Sunday, 26 August 2012

Living in a post-PC world

    I've spent the weekend having a clear out. Lots of old tax papers, magazines and assorted detritus, all gone. And a load of treasures from a couple of decades of hoarding PC bits.

    Some things are easy to part with. An ISA multi-IO card, for instance, is an easy throw. I'm never going to need one of them again in my life. Or an 8-bit cheap-and-nasty Soundblaster clone from about 1990. I've never even used it since levering it out of the XT clone it came from, space wasted.

   But then I came to the pile of cables. IDE cables, do I really need ten of them? Floppy drives. CD-ROM drives. Even old hard drives of a gigabyte or two's capacity. These were real treasures a few years ago, but now I can buy a flash card with tens of gigabytes for a few quid, they simply aren't necessary.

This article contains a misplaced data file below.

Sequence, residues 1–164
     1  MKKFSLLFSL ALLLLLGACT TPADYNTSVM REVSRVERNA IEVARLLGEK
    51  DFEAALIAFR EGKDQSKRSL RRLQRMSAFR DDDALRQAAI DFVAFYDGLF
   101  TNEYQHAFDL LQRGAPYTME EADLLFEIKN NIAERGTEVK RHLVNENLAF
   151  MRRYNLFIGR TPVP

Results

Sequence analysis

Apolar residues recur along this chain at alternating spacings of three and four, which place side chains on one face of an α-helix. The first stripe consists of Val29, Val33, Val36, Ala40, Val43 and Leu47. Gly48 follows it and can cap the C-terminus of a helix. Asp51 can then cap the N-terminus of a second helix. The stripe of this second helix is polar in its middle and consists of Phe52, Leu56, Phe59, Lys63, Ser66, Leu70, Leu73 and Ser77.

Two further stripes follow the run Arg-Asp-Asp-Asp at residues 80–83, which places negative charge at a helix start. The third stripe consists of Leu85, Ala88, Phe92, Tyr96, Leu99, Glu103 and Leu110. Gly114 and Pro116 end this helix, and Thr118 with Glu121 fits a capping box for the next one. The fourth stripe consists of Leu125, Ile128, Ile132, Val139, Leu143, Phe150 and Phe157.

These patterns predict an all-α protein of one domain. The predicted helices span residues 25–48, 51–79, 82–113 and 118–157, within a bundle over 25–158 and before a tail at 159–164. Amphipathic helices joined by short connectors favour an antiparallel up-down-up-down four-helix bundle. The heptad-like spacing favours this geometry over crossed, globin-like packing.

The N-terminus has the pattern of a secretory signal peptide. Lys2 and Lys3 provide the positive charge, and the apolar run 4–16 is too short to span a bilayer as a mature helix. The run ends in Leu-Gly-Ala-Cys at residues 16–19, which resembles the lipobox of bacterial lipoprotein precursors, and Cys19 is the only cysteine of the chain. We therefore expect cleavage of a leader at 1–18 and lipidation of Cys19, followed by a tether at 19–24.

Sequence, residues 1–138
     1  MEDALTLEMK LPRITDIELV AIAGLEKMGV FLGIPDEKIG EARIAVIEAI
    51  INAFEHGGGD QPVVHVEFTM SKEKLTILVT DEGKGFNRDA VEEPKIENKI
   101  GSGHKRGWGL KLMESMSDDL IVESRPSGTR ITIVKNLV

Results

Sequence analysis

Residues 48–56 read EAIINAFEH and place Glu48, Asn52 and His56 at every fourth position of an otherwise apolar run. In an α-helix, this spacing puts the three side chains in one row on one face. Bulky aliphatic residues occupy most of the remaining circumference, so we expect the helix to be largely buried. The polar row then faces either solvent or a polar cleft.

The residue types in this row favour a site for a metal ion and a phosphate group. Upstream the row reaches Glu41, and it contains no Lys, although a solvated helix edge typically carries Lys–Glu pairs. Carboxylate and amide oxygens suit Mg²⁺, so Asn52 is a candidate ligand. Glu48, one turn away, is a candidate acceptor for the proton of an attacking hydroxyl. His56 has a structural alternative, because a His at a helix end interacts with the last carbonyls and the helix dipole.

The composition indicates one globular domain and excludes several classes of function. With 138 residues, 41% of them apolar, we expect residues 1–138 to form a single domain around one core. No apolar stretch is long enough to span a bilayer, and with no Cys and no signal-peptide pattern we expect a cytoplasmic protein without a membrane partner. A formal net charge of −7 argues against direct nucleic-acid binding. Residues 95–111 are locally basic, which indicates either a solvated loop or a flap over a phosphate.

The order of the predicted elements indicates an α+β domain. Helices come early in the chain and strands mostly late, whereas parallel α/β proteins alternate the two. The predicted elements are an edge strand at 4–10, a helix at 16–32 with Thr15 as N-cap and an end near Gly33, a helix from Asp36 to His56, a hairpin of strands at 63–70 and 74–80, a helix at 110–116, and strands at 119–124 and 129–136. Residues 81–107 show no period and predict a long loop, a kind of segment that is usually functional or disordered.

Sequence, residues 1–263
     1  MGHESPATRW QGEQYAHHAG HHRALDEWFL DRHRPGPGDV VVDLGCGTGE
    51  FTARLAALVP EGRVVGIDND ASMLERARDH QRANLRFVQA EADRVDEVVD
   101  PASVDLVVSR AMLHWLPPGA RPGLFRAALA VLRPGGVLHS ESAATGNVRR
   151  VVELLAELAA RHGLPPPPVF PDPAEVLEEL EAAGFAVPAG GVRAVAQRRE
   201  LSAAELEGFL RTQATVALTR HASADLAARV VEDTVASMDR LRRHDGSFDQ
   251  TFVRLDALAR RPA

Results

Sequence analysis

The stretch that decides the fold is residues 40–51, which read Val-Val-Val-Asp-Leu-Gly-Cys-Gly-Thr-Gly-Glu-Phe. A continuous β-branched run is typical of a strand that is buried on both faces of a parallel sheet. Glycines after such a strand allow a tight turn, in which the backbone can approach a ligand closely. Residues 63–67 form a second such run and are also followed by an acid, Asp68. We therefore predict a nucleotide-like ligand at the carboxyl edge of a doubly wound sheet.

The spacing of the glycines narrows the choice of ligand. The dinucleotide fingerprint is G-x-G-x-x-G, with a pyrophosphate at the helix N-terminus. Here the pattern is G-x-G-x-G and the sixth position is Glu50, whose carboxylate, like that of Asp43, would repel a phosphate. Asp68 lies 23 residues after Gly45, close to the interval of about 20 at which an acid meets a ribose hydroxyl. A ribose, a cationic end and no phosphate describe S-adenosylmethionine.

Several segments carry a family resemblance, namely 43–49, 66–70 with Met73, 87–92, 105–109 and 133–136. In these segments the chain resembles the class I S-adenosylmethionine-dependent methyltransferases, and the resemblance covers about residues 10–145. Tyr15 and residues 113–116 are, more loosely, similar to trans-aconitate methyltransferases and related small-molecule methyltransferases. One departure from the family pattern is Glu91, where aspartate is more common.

I realised as I was clearing out my stock of PC bits that what I was seeing was the end of an era. For the last couple of decades my computers have continuously upgraded, but they've all been desktop PCs. I still have one, an AMD Duron running Lubuntu, but my main PC is now a seven year old laptop and I'm increasingly finding my development and everyday computing happening on ARM devices. The Raspberry Pi, and Android phones.

    For me, the PC era seems to be drawing to a close. I can see the next generation of ARM tablets - either Android or Windows 8, I haven't decided yet -  will eventually replace the laptop for portability, and the next generation of Raspberry Pi-style Flash-based single board computers will replace it for development and power. My storage has already migrated from the PC - either into NAS or the cloud - so the PC with all its inbuilt peripherals and power consumption is now an increasingly redundant web browsing platform. I'm entering my personal version of the post-PC world.

    So, does anyone want a stack of fully-populated Pentium motherboards or enough 72-pin SIMMs to pave a driveway?

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